Contrary to popular belief, cardiac arrest (or sudden cardiac death) often occurs after the age of 45. However, in patients with pre-existing cardiovascular risk factors, and with other cardiovascular risk factors, drug use and psychiatric history, MD can occur. heart in youth.
Heart disease in young people
It is noted that most sudden cardiac diseases in young people occur in healthy people, and are rarely accompanied by risk factors leading to sudden death. But few studies have addressed this question in depth. They studied all cases of cardiac arrest in patients between the ages of 2 and 45 years. Among the 2937 cases of cardiac arrest. 608 cases had a clear aetiology. Other cases are due to causes such as severe trauma, suicide, road accidents, homicide, overdose, drowning, acute non-cardiac chronic disease, or cardiovascular disease. Of the 608 cases of heart disease, 19.7% survived. Of the 608 cardiac arrest cases studied, 40% were attributed to coronary artery disease, 28.6% to structural heart muscle disease, 16.1% to sudden unexplained death, and 2.5% to other cardiac causes. A total of 140 cases (23.0%) were due to possible hereditary heart diseases (dilated cardiomyopathy, arrhythmic right ventricular cardiomyopathy, hypertrophic cardiomyopathy, sudden unexplained death), while 52.8% of cases were attributable to To acquired heart diseases such as coronary artery disease. arterial disease, sarcoidosis, myocarditis, congestive heart failure, and cardiomyopathy due to high blood pressure or valvular disease, however, “although some cases of cardiac arrest had toxic levels of drugs and drugs detected postmortem, toxicologists and valvular specialists agreed Cardiology states that the cause of death of these individuals was primarily due to a cardiac etiology, and significant or toxic levels of drugs were considered as a contributing, but not a major cause. In people who have previously been diagnosed with conditions known to be associated with the disease.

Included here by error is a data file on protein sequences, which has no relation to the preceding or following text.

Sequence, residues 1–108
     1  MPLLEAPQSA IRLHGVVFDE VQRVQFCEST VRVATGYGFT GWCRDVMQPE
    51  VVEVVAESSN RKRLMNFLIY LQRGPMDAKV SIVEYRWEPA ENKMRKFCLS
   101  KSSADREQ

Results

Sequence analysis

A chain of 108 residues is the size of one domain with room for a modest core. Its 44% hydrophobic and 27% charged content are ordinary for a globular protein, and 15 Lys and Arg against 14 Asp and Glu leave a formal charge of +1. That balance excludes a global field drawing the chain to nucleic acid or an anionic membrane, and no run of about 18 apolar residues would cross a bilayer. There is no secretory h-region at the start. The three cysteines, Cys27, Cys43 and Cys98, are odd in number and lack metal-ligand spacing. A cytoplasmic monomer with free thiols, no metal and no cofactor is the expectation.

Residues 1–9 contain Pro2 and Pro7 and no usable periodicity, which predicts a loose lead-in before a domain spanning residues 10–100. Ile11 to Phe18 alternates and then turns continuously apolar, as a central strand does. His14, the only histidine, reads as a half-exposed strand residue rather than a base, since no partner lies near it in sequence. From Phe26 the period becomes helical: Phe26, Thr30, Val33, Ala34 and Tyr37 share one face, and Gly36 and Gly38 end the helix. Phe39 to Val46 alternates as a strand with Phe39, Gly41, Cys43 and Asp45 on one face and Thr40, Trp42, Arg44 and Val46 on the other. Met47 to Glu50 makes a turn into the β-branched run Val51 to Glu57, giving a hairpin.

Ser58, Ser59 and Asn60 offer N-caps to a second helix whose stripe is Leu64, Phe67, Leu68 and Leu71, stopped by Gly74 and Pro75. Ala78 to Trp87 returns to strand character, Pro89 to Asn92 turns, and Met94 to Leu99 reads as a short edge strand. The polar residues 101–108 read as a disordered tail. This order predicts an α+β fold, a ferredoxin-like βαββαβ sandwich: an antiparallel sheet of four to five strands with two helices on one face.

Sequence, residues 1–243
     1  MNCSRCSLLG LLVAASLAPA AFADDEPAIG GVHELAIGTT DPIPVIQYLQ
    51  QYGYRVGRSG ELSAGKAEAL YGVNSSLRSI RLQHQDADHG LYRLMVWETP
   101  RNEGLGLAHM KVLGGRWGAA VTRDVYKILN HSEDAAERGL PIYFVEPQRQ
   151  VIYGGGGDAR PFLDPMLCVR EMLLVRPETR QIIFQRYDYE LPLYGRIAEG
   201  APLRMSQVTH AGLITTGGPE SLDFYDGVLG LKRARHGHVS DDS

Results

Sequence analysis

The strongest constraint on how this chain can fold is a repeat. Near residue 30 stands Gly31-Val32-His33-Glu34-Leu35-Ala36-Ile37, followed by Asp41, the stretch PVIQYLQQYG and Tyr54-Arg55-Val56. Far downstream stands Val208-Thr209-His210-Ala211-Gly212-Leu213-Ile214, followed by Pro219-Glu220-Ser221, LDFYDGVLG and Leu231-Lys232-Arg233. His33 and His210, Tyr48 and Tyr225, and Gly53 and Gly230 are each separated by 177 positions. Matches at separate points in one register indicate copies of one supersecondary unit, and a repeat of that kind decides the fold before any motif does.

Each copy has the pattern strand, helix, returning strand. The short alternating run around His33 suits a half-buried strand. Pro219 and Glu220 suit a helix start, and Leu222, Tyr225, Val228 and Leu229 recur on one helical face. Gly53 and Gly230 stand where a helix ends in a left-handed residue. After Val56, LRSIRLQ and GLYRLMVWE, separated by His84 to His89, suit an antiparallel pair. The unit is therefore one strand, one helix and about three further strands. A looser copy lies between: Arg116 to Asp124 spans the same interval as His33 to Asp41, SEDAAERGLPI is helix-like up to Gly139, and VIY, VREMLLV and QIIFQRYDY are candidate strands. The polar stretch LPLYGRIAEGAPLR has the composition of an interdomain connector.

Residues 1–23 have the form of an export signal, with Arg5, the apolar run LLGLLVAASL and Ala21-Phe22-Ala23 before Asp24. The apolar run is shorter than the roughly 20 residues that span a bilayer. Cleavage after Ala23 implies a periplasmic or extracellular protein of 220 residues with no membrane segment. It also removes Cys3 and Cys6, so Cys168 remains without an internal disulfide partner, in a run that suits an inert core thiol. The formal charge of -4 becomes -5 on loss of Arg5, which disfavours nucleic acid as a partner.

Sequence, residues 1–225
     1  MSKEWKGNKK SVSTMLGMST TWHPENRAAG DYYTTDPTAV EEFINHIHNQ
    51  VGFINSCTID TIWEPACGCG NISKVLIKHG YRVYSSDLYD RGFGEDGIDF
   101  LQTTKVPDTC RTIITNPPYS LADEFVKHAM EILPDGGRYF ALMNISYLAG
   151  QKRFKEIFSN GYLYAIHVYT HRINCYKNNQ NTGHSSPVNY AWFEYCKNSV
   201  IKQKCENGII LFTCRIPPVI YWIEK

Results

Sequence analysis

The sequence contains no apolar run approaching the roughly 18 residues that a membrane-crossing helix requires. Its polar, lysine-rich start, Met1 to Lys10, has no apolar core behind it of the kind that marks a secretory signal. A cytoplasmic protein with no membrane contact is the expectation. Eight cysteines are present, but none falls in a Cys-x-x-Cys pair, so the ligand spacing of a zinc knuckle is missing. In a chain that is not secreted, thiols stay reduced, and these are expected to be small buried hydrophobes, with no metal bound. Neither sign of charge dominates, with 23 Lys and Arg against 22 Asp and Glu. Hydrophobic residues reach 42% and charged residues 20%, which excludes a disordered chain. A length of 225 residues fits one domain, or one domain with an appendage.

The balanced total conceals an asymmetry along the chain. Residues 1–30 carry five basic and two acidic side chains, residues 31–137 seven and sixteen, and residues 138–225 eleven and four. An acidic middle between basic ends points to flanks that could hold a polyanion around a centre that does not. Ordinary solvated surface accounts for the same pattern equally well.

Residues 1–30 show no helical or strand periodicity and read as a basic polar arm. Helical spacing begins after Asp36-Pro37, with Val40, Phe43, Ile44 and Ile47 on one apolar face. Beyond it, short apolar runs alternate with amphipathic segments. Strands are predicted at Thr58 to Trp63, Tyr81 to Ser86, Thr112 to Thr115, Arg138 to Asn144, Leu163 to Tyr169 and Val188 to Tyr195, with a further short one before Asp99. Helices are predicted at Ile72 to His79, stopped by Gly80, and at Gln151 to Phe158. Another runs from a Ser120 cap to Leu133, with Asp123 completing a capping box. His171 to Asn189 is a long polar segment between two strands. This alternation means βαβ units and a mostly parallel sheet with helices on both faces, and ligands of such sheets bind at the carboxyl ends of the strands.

Symptoms of heart disease
There are many symptoms of heart disease and their severity varies from one patient to another and according to the type of disease that affects the heart. Among the heart diseases that cardiologists usually treat, we find:
It results when there is an imbalance between the heart’s ability to pump blood and the body’s needs. In this case, the heart may fail because its ability to respond is not enough to satisfy what the body is asking of it.
Symptoms of heart failure
- Abnormal fatigue and shortness of breath on exertion.
- Difficulty breathing while lying down.
- Poor endurance to exercise.
- fluid retention
High blood pressure or high blood pressure
This disease increases the risk of having a heart attack. It is caused by narrowing of the small arteries, called arterioles, which are responsible for regulating blood flow. As they get smaller, the heart has to work harder than it can do its job, causing pressure in the blood vessels.
The presence of cholesterol seriously harms your health. Eating a well-balanced diet and exercising regularly helps in regulating cholesterol levels. To diagnose this disease, a blood test must be performed to determine total cholesterol and “bad” cholesterol, as it does not result in symptoms, especially in heart disease in young people, until the repercussions appear at the level of blood vessels and the heart.
It could be due to a blocked artery. This leads to a drop in oxygen to the heart cells, causing them to die and destroy part of the heart muscle.
Symptoms of myocardial infarction
One of the most characteristic symptoms of myocardial infarction is acute chest pain.
When the necessary blood does not flow into the heart, angina pectoris occurs. This is due to blockage of the coronary arteries.
Symptoms of angina
The main symptom in this disease is that the patient suffering from it develops severe pressure on the chest.
heart rhythm disturbances